The Age of Love
[Note—for context, see About Us.]
There’s a wide gap between Sue and me in more ways than one. But I don’t have this kind of friendship with anyone else—even the ones that are glued to me here in Nigeria— not like I do with Sue, who is thousands of miles away.
Do you think that is ordinary? Few people come into our lives and make everything shine, but she makes the whole world bright for me. When I was sad, she made me smile. When I was alone, she was there for me and has always been ever since.
She makes me feel strong enough to believe I don’t have an ordinary life and I can accomplish anything.
Sue said she doesn’t like getting older. But everyone has their own time, including the present generation. Life is just a phase and age is just a number.
Sue experienced the youthful age, but that’s not where the blessing is. She is more than blessed having seen life through every phase of it. In I Corinthians Chapter 13, Apostle Paul said, “When I was a child, I spoke as a child, I felt as a child, I thought as a child: now that I am a man, I have put away childish things.” It’s a blessing to reach a ripe stage of life. But not everyone is graceful enough to enjoy it.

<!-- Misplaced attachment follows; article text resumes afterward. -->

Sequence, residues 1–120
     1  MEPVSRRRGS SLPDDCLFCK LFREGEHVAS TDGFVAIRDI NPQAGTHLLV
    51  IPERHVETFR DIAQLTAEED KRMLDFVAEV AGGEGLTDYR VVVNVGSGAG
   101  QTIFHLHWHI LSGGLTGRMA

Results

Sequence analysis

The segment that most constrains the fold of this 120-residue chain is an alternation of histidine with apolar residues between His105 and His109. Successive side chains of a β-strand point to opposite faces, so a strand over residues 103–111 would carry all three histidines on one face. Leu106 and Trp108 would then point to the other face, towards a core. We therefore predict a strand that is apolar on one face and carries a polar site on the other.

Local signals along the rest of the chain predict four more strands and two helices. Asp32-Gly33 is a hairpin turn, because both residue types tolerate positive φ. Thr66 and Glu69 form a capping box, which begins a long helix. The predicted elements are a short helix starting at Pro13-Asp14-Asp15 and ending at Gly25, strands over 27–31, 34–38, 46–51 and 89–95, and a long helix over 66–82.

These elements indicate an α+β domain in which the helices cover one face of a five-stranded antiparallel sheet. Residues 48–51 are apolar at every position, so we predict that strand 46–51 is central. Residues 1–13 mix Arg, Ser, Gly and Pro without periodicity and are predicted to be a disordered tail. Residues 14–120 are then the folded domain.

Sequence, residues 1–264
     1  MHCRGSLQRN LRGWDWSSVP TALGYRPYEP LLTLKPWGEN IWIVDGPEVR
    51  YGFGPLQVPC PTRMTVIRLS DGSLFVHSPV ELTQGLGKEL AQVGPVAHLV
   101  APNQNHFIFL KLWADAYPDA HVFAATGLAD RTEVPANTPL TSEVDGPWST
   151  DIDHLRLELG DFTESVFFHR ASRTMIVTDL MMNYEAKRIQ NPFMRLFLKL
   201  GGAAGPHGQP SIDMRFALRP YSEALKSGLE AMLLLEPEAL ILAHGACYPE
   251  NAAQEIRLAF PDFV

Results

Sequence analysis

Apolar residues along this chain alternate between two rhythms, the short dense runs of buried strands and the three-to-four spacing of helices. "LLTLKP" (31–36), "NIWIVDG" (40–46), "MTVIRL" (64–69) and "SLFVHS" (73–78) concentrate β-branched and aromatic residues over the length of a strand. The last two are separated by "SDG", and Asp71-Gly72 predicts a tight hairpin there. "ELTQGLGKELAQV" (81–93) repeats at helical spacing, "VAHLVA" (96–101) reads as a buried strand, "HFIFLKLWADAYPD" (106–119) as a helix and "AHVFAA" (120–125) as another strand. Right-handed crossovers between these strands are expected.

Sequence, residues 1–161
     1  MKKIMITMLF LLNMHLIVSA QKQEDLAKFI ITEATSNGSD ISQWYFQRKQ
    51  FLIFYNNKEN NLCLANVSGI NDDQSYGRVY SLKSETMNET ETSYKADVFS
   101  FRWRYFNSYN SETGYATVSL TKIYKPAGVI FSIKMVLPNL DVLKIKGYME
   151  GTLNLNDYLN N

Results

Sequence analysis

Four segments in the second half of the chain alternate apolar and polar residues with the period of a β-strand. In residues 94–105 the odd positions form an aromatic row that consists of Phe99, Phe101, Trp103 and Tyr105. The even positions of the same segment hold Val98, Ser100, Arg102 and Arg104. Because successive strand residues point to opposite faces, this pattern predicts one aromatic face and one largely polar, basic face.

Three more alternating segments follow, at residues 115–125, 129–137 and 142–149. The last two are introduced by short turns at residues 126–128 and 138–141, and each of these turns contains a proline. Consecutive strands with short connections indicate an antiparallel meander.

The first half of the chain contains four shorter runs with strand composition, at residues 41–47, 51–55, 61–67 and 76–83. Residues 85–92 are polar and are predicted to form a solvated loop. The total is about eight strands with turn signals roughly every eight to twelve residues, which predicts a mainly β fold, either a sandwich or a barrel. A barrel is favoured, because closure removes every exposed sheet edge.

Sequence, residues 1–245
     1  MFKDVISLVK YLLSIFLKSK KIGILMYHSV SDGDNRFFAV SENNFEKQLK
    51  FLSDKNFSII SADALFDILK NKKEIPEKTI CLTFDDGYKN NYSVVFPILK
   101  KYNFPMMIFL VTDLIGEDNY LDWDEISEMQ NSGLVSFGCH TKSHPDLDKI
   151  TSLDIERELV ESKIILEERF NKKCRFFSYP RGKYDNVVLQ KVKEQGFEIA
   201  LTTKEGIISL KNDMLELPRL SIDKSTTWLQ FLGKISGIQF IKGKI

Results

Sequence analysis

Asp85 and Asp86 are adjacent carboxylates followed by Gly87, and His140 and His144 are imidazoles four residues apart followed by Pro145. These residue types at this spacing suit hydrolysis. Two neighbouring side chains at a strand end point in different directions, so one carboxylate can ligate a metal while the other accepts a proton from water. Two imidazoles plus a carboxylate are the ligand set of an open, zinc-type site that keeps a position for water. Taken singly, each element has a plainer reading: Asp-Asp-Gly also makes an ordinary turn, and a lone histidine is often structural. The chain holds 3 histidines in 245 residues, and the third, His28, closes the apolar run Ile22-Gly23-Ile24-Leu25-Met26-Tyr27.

1 Corinthians Chapter 13 is the “love” chapter. It’s where Apostle Paul describes love and explains how important it is: “Now these three remain: faith, hope and love. But the greatest of these is love.” Maturity in years brings a greater capacity to love—to those who are open to it.
Love is the most healing force in the world, nothing goes deeper than love. It heals not only the body, not only the mind, but also the soul. This is what God’s love—expressed through Sue—has done for me. Someday faith and hope will no longer be needed, but love will remain.
My advice? When you start counting your blessings, put your age first.